In case you missed yesterday's post, part 1 of my party planning tips can be found here.
So now that you've got your theme, timeline, venue and food figured out it's time to plan what's going to make this party fun! These are the things that really make a party pop!
This is generally what I try to plan:
*A simple activity (often a craft or simple game) that kids can do as soon as they arrive while they're waiting for other kids to come.
BUT, if someone comes after this activity is done, it can't make or break the party (such as a costume that all the other kids are going to have or something you need later for a game). For younger kids colouring pages work well or simple games (we did Don't Eat Pete at Mady's party, which I've learned is over 3 year old's heads, but you get the idea).
*Next I pick one large activity that takes a bit more time. This is the main part of the party. You can do this as a bunch of stations (perhaps for a mad scientist party and you have them doing a bunch of experiments) or for a dinosaur party have the kids doing a big "archeological dig." This HAS to be theme-related or there's no point to a theme. Put lots of thought into this one for how you can tie in all the details.
*Other games, activities or crafts. You can add as much or as little for other activities (pinatas, scavenger hunts, pin the tail on the donkey) as long as you have time. I try to fit them to a theme, and depending on how you structure your big activity you may or may not want other games. But no matter what, make sure you have:
*Throw away activities. There is nothing worse than having a party end before it's supposed to end. What if the game you thought would take 20 minutes only takes 5? If you planned a 2.5 hour party and all the kids are looking at you bored only 1 hour in you're going to have to do something!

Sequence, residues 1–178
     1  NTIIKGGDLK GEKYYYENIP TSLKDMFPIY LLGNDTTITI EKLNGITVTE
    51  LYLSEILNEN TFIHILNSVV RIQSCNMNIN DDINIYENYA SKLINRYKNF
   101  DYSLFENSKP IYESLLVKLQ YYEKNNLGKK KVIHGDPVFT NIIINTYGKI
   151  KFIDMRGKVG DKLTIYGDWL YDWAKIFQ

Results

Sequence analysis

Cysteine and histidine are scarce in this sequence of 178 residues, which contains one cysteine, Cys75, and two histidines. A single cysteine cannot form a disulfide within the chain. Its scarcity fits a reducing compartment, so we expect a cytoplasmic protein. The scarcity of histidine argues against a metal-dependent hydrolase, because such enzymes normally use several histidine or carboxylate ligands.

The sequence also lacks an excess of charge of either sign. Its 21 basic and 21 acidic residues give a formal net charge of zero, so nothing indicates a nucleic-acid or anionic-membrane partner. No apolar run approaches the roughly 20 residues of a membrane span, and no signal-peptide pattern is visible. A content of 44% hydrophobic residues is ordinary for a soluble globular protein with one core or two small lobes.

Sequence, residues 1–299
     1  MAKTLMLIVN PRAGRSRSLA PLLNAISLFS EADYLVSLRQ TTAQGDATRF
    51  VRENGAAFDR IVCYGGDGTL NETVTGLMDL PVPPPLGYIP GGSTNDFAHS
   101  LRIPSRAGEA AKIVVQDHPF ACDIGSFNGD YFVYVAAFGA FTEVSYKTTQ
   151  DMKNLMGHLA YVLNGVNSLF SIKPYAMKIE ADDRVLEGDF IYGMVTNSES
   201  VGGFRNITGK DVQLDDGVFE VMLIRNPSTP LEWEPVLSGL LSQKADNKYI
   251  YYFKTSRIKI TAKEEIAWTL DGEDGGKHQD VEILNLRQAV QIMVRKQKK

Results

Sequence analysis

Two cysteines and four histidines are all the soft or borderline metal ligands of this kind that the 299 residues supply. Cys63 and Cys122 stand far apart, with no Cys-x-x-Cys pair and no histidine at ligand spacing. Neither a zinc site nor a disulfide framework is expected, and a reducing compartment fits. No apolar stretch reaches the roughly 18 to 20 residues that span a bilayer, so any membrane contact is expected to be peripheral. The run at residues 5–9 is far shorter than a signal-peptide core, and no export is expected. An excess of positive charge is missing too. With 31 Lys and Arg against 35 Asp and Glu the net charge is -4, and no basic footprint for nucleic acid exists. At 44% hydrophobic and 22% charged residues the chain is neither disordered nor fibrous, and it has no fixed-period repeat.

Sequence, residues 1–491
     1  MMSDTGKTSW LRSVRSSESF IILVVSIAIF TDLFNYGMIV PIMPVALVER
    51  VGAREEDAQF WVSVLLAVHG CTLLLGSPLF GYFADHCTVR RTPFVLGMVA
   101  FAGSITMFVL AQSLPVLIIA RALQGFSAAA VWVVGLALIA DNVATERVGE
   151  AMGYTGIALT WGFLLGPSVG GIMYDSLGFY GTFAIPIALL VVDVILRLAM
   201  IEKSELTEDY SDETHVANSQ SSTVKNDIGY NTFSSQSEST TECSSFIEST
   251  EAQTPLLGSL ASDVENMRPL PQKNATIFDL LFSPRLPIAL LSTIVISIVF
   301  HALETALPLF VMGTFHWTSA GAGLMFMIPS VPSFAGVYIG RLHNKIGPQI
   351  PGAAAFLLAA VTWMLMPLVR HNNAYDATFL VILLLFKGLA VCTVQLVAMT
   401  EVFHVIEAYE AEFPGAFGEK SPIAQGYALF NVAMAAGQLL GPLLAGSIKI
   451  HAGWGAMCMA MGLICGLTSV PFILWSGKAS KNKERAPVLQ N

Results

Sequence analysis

If you need to fill time, you want to have some extra "fun" in your back pocket. But here's the thing. You don't want these things to be anything you have invested a lot of time, money or resources into because if you've planned the rest of the party right, you will never get to these activities. So aim for these to be things that include items you already have on hand or are super cheap: bubbles, colouring pages, simple crafts and traditional games - re-named to fit the theme of course!- such as duck, duck, goose or party games (think of all those ones you played as a kid), play doh, hula-hoops. You get the idea..
I love the impact of decorations fit to a theme. I always pick party colours (usually 2) that compliment the theme so that it all looks cohesive. I don't decorate everywhere, generally the food table and the main party area are good enough. If you want to have something on the door or front lawn greeting guests that works too.
Less done well always has more impact than lots done poorly, so choose wisely. Decorations are something that is easy to make yourself. Think double duty. If it can be used as a decoration and an activity (or be used for parties year after year no matter the theme) all the better!
Printed material (either designed yourself or bought from party suppliers) is a super simple and cheap way to bring the party together. And it's fun to put all those cute food names on matching labels! *wink*
I've done favours a couple of different ways. The traditional goodie bags filled with trinkets or one larger item. I must say, I prefer the one larger item. I'll usually add something edible fit to the theme in there too.
I think most parents prefer receiving one item as opposed to many and you can easily spend a small fortune on junky $1 store trinkets that will be thrown away in a week or put all of that toward a nicer item (and sometimes you come away spending less!). I'm a fan of books or a larger, themed toy (For Mady's sock hop we gave out hula-hoops).